Linus Pauling and The Nature of the Chemical Bond: A Documentary History Narrative  
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When he returned to Pasadena in the fall of 1930, Pauling returned to the problem of the tetrahedral carbon atom. That year, a young American physicist names John C. Slater had found an important simplification of the Schrödinger wave equation that made it possible to better picture carbon's four binding electrons. Spurred by Slater's work, Pauling picked up his pen and started making calculations again in earnest. In order to match the chemists' reality of a carbon tetrahedron, the physicists' two sets of electron subshells had to be broken and mixed together somehow in a new, equivalent form. The central problem was finding appropriate mathematical approximations of the wave function, shortcuts that would make manageable the equations for combining the subshells' wave functions.

For weeks through the fall, though, none of Pauling's shortcuts worked. Then, on a night in December 1930, sitting at his desk in the study of his home, he tried one more approximation. This time in trying to combine the two subshells' wave functions, he chose to ignore a part of the mathematics called the radial function, a simplification that Slater's papers indicated might work. By stripping away that layer of complexity, Pauling was surprised to find that "the problem became quite a simple one from the mathematical point of view" — at least, for a Sommerfeld-trained quantum physicist.

He could now, with the right coefficients, combine the wave functions of the physicists' two carbon subshells into a mathematical description of a new hybrid form: four equal orbitals oriented precisely at the angles of a tetrahedron. Not only that, but his new hybrid orbitals were more highly directed away from the nucleus, capable therefore of overlapping more with the orbitals of other electrons from other atoms. And here was a basic insight: The greater the overlap of orbitals from two atoms, the more exchange energy was created and the stronger the bond.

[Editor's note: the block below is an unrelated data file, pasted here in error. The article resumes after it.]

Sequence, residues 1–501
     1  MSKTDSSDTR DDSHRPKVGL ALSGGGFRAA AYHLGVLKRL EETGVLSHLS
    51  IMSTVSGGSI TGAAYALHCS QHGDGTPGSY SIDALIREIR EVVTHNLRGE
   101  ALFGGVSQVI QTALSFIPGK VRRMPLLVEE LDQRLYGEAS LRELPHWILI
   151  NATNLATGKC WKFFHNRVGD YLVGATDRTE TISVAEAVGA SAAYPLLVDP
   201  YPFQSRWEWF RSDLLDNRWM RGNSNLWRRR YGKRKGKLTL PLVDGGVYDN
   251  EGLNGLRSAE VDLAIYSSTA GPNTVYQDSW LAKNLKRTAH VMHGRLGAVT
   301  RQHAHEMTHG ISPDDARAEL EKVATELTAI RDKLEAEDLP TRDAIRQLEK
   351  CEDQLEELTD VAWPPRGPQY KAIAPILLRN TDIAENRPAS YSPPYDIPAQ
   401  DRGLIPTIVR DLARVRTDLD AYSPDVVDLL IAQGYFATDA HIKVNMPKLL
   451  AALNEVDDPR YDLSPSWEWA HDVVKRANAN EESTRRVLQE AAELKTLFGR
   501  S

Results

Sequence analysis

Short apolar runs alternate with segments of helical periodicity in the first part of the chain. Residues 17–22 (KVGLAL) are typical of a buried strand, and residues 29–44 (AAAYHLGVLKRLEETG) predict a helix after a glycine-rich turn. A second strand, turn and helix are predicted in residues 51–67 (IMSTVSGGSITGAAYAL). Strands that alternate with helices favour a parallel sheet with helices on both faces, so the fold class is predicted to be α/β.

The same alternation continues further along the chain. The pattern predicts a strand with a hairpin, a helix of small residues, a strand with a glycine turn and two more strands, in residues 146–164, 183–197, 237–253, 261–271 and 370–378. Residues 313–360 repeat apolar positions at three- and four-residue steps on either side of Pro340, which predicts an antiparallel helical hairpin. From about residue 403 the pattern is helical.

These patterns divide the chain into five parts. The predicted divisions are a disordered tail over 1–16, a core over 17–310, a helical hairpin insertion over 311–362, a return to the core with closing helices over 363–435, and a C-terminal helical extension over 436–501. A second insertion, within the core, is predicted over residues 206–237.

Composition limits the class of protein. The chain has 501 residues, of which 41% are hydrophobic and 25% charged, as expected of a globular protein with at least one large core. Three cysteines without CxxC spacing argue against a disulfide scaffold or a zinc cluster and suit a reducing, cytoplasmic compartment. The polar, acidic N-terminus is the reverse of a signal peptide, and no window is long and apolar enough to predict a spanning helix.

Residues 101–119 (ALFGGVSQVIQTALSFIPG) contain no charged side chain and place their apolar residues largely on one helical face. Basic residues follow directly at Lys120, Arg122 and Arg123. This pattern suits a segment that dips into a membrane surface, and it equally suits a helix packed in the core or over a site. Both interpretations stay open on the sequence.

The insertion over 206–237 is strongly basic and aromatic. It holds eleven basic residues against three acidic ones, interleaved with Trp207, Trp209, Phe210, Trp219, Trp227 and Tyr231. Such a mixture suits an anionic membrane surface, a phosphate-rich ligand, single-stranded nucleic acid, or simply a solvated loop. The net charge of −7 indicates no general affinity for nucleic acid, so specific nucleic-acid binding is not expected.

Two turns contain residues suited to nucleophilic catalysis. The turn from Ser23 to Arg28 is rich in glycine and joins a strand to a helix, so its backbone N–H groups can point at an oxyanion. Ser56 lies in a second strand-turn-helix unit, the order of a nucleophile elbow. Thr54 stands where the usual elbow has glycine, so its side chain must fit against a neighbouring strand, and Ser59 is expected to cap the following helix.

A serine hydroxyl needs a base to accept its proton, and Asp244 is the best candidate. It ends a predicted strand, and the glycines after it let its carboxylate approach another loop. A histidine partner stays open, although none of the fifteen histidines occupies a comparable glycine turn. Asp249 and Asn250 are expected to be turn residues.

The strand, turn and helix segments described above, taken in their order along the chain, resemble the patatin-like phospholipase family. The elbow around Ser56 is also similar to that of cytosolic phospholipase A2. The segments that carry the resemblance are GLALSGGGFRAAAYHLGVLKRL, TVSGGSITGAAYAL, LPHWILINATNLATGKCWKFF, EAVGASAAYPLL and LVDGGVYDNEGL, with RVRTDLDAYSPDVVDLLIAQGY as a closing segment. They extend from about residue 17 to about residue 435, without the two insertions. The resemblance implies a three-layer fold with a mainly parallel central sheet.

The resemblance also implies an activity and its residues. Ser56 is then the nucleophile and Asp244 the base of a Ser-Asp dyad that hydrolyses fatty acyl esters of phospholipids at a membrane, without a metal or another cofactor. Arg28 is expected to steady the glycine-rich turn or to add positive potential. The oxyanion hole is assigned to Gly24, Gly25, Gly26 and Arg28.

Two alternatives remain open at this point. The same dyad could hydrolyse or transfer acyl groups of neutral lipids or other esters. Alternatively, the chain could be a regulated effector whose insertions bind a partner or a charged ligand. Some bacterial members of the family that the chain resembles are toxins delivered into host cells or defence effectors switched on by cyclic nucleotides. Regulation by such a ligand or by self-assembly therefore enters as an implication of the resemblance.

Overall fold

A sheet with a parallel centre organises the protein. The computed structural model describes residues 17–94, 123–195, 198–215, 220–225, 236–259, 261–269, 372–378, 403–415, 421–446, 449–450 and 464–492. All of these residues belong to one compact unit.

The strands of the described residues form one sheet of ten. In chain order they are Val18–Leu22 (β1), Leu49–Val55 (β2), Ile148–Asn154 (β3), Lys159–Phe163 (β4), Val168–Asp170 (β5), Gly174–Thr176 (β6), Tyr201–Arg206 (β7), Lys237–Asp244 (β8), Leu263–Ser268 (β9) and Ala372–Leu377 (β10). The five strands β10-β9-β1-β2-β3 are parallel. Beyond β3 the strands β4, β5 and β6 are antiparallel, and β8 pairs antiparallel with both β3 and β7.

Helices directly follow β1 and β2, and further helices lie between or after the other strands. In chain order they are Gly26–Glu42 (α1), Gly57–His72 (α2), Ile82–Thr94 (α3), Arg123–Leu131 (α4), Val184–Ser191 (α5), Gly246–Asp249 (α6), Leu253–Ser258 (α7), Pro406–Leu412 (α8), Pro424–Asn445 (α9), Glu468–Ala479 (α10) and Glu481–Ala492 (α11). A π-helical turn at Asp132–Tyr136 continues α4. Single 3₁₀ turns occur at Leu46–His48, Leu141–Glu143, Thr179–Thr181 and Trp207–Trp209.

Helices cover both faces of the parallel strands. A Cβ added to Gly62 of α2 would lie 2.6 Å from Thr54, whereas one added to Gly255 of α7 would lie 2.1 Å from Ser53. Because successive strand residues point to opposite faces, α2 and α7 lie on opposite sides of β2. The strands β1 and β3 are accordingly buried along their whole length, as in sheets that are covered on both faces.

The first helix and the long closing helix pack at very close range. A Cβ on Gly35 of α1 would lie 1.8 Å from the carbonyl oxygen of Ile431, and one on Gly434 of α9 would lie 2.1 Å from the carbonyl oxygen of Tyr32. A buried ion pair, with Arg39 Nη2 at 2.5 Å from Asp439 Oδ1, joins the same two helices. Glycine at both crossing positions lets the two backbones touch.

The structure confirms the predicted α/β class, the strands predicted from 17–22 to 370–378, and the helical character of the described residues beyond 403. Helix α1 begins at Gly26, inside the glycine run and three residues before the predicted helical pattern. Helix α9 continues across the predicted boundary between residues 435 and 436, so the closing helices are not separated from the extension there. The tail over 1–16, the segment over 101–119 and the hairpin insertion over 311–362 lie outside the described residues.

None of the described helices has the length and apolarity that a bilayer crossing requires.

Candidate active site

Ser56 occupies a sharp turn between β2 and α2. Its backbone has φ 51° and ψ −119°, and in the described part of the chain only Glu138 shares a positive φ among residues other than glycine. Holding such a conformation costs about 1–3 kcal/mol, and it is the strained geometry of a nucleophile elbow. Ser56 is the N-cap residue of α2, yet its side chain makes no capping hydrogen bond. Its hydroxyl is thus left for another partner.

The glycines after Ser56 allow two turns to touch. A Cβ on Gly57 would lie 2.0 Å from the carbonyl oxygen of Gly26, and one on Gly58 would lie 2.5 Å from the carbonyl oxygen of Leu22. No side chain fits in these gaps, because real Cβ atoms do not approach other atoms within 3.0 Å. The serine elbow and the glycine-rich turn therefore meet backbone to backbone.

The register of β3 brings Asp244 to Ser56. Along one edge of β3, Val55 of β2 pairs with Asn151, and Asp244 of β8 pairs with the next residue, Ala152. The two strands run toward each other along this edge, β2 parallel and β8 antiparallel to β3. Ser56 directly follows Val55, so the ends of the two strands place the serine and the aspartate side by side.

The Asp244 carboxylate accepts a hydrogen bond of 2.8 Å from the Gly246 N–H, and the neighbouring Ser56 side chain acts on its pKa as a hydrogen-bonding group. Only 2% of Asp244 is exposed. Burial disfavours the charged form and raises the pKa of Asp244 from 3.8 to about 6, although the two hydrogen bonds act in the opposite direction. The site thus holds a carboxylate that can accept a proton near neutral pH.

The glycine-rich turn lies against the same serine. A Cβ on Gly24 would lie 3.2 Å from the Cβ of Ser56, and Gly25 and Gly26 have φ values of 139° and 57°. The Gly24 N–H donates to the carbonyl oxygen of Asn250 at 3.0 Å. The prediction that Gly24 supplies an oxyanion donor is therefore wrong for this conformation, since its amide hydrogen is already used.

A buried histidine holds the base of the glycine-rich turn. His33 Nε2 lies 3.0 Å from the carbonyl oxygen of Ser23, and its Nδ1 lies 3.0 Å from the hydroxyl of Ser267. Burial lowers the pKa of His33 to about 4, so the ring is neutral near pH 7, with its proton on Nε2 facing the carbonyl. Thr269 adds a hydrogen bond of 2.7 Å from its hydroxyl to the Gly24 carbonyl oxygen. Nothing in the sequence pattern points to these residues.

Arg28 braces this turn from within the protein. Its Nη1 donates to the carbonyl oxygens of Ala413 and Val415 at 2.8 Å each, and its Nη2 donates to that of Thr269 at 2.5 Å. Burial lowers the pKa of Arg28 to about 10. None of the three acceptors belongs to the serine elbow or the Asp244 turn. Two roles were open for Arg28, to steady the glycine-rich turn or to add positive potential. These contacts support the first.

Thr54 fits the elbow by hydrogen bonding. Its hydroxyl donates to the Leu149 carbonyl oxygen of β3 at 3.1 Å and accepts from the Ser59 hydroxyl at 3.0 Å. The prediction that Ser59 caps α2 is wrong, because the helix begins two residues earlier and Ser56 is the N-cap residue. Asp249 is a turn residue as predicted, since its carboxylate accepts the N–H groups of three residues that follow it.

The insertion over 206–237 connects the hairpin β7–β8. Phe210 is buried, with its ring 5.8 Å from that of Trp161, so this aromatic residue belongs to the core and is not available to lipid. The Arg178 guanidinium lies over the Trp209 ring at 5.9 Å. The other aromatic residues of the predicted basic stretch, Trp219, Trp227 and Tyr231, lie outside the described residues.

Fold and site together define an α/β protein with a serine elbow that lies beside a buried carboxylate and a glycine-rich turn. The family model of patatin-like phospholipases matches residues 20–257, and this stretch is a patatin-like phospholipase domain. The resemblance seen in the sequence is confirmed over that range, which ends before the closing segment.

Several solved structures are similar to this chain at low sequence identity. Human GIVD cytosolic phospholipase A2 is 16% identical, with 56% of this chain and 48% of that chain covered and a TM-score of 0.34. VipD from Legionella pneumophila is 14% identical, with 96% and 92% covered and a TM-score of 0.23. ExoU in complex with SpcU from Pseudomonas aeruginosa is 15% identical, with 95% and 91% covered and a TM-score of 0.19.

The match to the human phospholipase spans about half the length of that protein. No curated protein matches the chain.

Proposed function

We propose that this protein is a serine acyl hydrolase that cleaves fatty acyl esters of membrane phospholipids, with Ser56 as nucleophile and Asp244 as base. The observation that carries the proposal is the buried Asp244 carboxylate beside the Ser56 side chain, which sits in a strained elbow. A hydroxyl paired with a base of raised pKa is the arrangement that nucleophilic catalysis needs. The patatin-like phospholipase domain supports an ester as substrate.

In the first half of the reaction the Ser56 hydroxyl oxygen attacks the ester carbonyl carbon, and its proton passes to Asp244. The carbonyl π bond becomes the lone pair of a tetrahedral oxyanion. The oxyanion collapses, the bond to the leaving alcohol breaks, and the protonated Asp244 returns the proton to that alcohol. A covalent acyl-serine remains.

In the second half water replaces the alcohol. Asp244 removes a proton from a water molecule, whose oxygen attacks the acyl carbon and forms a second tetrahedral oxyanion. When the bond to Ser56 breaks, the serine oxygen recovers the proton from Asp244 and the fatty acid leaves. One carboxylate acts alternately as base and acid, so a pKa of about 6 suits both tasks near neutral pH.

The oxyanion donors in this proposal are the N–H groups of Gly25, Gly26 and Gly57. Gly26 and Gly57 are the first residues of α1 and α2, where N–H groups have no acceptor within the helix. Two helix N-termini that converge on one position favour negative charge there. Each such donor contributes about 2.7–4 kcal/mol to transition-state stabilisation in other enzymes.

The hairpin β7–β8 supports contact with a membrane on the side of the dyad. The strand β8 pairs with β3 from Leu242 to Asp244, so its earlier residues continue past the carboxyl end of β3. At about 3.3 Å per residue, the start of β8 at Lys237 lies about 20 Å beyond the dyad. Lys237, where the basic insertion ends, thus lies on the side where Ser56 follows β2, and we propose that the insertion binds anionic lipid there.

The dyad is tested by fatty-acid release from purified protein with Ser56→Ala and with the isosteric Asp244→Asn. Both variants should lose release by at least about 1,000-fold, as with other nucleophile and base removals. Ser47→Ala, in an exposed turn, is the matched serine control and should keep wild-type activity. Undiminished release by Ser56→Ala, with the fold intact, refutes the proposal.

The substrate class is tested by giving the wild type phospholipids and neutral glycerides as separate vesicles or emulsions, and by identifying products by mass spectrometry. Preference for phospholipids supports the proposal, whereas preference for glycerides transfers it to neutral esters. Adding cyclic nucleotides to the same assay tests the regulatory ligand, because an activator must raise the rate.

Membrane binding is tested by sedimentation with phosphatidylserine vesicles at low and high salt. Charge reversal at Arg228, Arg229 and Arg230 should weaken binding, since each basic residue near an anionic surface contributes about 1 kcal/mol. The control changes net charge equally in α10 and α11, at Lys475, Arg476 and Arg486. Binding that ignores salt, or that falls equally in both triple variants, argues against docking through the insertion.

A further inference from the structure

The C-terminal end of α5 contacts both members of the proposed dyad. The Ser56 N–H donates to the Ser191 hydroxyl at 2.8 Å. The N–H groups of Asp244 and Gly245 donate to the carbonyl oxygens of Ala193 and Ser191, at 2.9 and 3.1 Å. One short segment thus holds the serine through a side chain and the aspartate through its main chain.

Pauling had a sudden rush of energy. From the principles and equations of quantum mechanics he had formed a tetrahedral carbon atom. The calculated angles between bonds were right; the bond lengths looked right; the energy required to change the electron subshell orbitals into their new shapes was more than accounted for by the energy of the electron exchange. He had solved a paradox, reconciling the physicists’ and chemists’ views of carbon.

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Page 1
"Eigenfunctions for Chemical Bonds." December 1930.

"One day, late in the day...I had an idea. It was the basic idea of hybrid orbitals. I was trying to understand why the carbon atom is tetrahedral, forms bonds directed towards the four corners of a tetrahedron. Even as early as 1924, I had made a model of methane, in which I said the four outer electrons of the carbon are in orbits directed towards the corners of a tetrahedron.... When quantum mechanics came along, a result was confirmed that had been accepted earlier, that the four outer electrons in the carbon are of two different kinds.... I thought 'the basic principles of quantum mechanics permit us to combine these functions from the Schrödinger equation in another way.' And I said to myself: 'Let’s suppose that I look just at the distribution in various directions, and not worry about the difference in the radial distribution for those.' This permitted rather simple calculations to be made in a straightforward manner. The first result I got was that the best bonds that the carbon atom can form are directed towards the four corners of a tetrahedron. So, in 1931, I had a simple theory of the tetrahedral carbon atom and an explanation of a great bit of organic chemistry."

Linus Pauling
March 27, 1964
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